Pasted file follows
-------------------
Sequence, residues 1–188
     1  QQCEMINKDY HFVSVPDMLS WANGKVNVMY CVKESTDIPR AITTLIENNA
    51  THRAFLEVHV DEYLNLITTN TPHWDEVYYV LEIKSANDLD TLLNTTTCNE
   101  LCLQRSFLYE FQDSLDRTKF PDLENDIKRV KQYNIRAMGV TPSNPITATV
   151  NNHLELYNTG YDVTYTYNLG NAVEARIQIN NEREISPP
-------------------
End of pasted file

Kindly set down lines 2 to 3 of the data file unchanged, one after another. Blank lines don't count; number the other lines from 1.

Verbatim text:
     1  QQCEMINKDY HFVSVPDMLS WANGKVNVMY CVKESTDIPR AITTLIENNA
    51  THRAFLEVHV DEYLNLITTN TPHWDEVYYV LEIKSANDLD TLLNTTTCNE